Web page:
There are few farm animals in their baby stage that are more adorable than baby chickens. And unlike some animals they are completely worth the effort as they provide not only meat and eggs; but, pest control and entertainment. Good care of your chicks from the start will ensure you get the most value out of your flock. As with any agricultural venture, there are multiple ways to successfully raise chickens and you must find what methods best suit your situation.
Before you purchase or hatch your chicks you must have a habitat prepared for them. One of the most harmful dangers to new chicks is temperature and moisture. Chicks need to be kept in around 80 to 90 degree heat and they need to be dry. We put heat lamps over ours. You will know if they are too cold when they huddle up under the lamp. And you will know when they are too hot if they are all bunched up away from the lamp or if they are panting. If they are panting and lethargic they are in real danger of overheating. When your temperature is right the chicks will be running in all directions. When your chicks start to develop feathers you can begin to reduce the heat. Chicks need a good bedding under them to keep them dry. A layer of wood shavings or hay will soak up their droppings and mess, keeping them dry. You will need to change their bedding frequently depending on the size of the habitat versus the number of chicks.
Chicks need a lot of water to drink; but, not water on them. You will need a watering system that does not allow the chicks to accidentally submerge themselves or each other. It helps to think of these little guys as being exactly what they are…babies. If there is a puddle of water just about any baby will be drawn to it and in it if not stopped. To prevent pasty butt, a clogging of the waste vent, you can add a few tablespoons of organic apple cider vinegar to a gallon of water.
Babies need baby food. Before you get your chicks you will want to purchase a feeder and chick starter. In a pinch you can feed your chicks out of a small bowl; however, a feeder will make the starter last longer. Chicks like all babies make messes and they will make messes in a bowl of food making you have to replenish it more often than you would with a chick feeder. If you are creative there are all kinds of ideas out there to make your own feeding and watering system; but, if you purchase it the price is fairly low. I like to sprinkle a little bit of grass and weeds around the habitat so my chicks begin to learn how to forage. We have pasture raised chickens which means that our chickens have the run of the entire farm so they forage all day for bugs and greens.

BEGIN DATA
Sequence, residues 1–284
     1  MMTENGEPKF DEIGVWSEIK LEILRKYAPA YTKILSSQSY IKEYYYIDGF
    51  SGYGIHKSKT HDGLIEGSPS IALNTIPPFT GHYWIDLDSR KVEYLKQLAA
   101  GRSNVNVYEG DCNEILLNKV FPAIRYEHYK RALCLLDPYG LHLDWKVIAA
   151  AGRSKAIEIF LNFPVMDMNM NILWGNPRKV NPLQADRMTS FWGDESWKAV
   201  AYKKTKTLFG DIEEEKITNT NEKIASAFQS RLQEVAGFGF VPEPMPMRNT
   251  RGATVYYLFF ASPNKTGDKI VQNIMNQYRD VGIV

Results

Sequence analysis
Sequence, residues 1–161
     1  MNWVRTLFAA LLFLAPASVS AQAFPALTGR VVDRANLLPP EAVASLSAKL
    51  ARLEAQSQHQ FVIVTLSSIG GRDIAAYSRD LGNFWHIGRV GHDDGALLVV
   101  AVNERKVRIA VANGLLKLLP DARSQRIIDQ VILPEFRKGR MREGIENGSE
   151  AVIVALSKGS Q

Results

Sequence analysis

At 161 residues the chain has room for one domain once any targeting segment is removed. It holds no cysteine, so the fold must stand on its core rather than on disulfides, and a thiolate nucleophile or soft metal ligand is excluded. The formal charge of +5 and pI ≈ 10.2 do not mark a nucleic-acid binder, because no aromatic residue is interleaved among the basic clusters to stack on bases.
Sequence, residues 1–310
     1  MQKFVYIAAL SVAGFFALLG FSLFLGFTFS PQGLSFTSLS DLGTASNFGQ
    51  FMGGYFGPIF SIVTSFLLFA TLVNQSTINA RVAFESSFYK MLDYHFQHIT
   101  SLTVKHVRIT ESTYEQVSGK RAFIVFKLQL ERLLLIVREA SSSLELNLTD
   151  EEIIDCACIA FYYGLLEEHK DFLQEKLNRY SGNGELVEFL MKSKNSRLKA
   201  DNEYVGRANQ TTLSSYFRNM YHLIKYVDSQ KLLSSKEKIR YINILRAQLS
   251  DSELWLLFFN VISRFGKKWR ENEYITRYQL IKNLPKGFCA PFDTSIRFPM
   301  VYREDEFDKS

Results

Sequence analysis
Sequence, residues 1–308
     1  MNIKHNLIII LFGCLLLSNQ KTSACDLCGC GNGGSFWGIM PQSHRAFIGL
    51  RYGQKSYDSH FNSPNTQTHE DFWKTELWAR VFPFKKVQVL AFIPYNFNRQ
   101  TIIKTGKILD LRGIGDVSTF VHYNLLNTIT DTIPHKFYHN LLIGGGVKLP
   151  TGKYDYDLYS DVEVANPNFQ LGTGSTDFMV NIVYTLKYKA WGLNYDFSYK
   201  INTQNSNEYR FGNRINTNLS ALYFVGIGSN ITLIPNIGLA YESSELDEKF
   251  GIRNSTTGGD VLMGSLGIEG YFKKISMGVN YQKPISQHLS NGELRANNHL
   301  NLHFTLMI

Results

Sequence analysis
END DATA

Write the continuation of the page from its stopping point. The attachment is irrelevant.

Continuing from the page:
Holding babies and the desire to touch things that are soft make handling your chicks almost impossible to resist. In the first few weeks you should try not to handle the chicks too much and use great care not to drop them. Do talk to them though, especially when you feed them so they are trained to come when you feed them. Chicks will imprint on whoever raises them. Enjoy your babies, they will grow fast.
Some helpful websites:
http://www.backyardchickens.com/ : This site is full of information for all things chicken related.
https://www.mcmurrayhatchery.com/chickens.html : This is the hatchery that I order from.